Warinner and her team analyzed human remains from six sites in northern Mongolia that belonged to the Deer Stone-Khirigsuur Complex, a culture that existed between 1300 and 900 BC. MPI-SHH researcher Shevan Wilkin took dental calculus samples from nine skeletons to test for animal proteins. The results showed the people ate dairy products made from “sheep, goats, and bovines such as yak or cow, yet they were lactose intolerant.”
Bacteria’s Role in the Origins of Lactose Intolerance
Warinner says “Modern Mongolians digest dairy by using bacteria to digest lactose for them, turning milk into yogurt and cheese, along with a rich suite of dairy products unknown in the Western diet.” She suspects that the ancient Mongolian pastoralists must also have adopted similar strategies for the “Control and manipulation of microbes” which she says, “is core to this whole transformation.”
Mongolian dairy products - Aaruul, Eezgii. (Takeshi KITAYAMA/CC BY NC SA 2.0)
If the speculations of Warinner and her team are right, all the thousands of geneticists who believed lactase persistence and dairying were linked, must now accept they were quite simply wrong, and rethink why the adaptation is common within some dairying populations yet untraceable in others.
An even more fundamental question will hopefully be answered by Warinner’s team in the near future: how did dairying even reach Mongolia so early in the first place? In the Bronze Age, the Yamnaya’s genetic signature replaced many Asian and European populations, but they abruptly stopped west of Mongolia at the Altai Mountains. “Culturally, it’s a really dynamic period,” Warinner says and she thinks that even though the Yamnaya “didn’t contribute their genes to East Asia, they did spread their culture, including dairying.”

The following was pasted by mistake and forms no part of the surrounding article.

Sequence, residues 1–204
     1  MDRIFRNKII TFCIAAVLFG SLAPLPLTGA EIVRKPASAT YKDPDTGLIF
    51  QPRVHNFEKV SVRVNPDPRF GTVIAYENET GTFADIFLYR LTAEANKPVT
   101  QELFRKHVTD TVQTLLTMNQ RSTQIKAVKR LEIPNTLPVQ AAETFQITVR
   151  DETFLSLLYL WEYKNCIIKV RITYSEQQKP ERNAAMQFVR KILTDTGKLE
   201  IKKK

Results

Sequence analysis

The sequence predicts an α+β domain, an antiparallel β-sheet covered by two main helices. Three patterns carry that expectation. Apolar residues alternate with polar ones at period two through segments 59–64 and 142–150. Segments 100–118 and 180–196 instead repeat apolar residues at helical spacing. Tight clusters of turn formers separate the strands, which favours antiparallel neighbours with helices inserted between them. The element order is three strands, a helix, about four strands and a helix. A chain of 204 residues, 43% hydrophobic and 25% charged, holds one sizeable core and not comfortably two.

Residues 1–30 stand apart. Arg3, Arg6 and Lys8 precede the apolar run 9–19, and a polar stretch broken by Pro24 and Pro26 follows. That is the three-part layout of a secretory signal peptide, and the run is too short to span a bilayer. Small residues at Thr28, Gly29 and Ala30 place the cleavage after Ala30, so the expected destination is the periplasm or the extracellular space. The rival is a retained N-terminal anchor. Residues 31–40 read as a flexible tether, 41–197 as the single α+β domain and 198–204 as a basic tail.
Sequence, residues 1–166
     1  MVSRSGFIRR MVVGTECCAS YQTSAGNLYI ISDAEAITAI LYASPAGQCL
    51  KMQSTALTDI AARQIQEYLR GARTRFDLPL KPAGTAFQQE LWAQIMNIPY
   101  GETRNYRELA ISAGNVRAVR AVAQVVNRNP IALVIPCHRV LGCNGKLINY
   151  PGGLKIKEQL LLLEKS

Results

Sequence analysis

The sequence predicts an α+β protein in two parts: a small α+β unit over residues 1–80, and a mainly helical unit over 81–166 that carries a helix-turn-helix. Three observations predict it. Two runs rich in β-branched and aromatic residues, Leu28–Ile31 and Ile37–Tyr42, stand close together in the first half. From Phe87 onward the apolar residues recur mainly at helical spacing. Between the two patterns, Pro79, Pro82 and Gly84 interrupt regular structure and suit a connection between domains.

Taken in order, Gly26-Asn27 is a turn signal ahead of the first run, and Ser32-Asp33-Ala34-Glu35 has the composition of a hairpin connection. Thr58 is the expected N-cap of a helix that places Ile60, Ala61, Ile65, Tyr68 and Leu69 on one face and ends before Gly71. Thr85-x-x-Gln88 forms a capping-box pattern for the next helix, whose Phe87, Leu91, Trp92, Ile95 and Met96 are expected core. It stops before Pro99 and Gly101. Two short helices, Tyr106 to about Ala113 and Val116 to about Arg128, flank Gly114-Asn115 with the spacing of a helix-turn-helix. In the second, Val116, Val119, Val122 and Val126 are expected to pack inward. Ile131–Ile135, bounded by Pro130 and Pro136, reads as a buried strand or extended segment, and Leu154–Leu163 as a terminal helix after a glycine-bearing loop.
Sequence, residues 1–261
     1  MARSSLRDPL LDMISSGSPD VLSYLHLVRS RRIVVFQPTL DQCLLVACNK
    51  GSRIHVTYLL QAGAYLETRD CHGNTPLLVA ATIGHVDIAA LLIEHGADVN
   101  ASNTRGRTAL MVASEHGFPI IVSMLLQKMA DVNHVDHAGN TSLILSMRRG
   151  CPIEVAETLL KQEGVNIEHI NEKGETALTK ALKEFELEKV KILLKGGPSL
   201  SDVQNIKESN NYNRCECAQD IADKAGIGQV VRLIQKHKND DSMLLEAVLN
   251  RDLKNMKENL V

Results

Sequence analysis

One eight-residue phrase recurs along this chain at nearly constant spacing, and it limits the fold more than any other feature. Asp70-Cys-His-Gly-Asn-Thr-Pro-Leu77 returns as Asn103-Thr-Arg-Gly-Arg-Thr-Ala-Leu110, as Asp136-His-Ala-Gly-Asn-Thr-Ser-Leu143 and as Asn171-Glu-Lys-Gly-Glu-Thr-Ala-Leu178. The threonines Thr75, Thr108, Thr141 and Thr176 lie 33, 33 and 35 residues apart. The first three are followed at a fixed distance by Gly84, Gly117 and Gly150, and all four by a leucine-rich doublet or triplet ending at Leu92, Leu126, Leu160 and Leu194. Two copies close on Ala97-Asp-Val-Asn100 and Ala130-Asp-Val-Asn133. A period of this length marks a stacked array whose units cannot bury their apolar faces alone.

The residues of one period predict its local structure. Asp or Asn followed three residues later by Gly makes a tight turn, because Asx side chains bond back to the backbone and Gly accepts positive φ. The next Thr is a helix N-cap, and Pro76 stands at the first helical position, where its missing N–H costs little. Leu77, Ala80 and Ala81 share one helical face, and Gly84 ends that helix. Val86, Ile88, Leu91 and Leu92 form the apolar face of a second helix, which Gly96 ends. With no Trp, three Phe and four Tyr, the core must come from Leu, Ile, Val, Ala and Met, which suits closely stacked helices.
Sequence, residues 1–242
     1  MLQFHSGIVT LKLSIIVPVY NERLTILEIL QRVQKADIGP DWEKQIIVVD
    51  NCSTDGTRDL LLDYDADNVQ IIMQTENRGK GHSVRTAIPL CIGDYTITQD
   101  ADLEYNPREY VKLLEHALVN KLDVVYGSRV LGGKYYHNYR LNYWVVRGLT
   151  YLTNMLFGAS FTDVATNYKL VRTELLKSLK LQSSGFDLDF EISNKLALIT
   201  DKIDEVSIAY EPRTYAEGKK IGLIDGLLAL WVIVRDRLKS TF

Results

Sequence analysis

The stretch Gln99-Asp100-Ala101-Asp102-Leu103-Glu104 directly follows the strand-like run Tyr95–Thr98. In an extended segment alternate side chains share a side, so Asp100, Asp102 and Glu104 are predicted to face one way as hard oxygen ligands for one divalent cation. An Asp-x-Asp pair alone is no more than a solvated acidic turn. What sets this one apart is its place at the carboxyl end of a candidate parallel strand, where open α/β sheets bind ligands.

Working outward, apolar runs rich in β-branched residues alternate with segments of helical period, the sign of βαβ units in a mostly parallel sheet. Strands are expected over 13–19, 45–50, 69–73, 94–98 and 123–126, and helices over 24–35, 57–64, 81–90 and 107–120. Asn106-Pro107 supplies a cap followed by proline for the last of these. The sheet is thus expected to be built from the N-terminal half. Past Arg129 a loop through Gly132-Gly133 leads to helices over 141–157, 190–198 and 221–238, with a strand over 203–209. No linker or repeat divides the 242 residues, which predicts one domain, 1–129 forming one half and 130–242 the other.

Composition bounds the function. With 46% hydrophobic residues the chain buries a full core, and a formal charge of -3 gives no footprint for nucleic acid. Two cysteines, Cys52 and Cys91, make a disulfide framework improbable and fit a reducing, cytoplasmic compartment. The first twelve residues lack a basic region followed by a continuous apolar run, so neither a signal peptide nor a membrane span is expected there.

The new study’s perplexing results will soon begin phase two, which aims to gain a better understanding of “how Mongolians and other traditional dairying cultures harnessed microbes to digest milk and render lactose tolerance irrelevant and to figure out which of hundreds of kinds of bacteria make the difference.”
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A herder woman milks her yaks in Must, Khovd Province, Mongolia. (United Nations Photo/CC BY NC ND 2.0)
When Did Humans Start Dairying?
To date, the earliest archaeological evidence for ‘dairying’ (the processing of milk fats) is around the seventh millennium BC in northwestern Anatolia, the sixth millennium BC in eastern Europe, the fifth millennium BC in Africa, and the fourth millennium BC in Britain and Northern Europe. However, a research article published on ThoughtCo informs that goats were first domesticated in western Asia about 11,000 years ago and in the eastern Sahara cattle were being farmed no later than 9,000 years ago.
Archaeologists have always surmised that the primary reason for this was for an easier source of meat than hunting, but this new study opens history right up again and it must now be considered that maybe some of these pre-historic people milked their animals and made cheeses, gloopy creams, and yogurts. If so, ‘Ancient Greek’ yogurt might soon have to be rebranded Ancient Anatolian, or African, yogurt.
Greek yogurt with strawberries and honey. (Janine/CC BY 2.0)
Top Image: ‘Waiting yak.’ A new study analyzing ancient Mongolian teeth may help explain the origins of lactose intolerance in humans. Source: Fotolia
By Ashley Cowie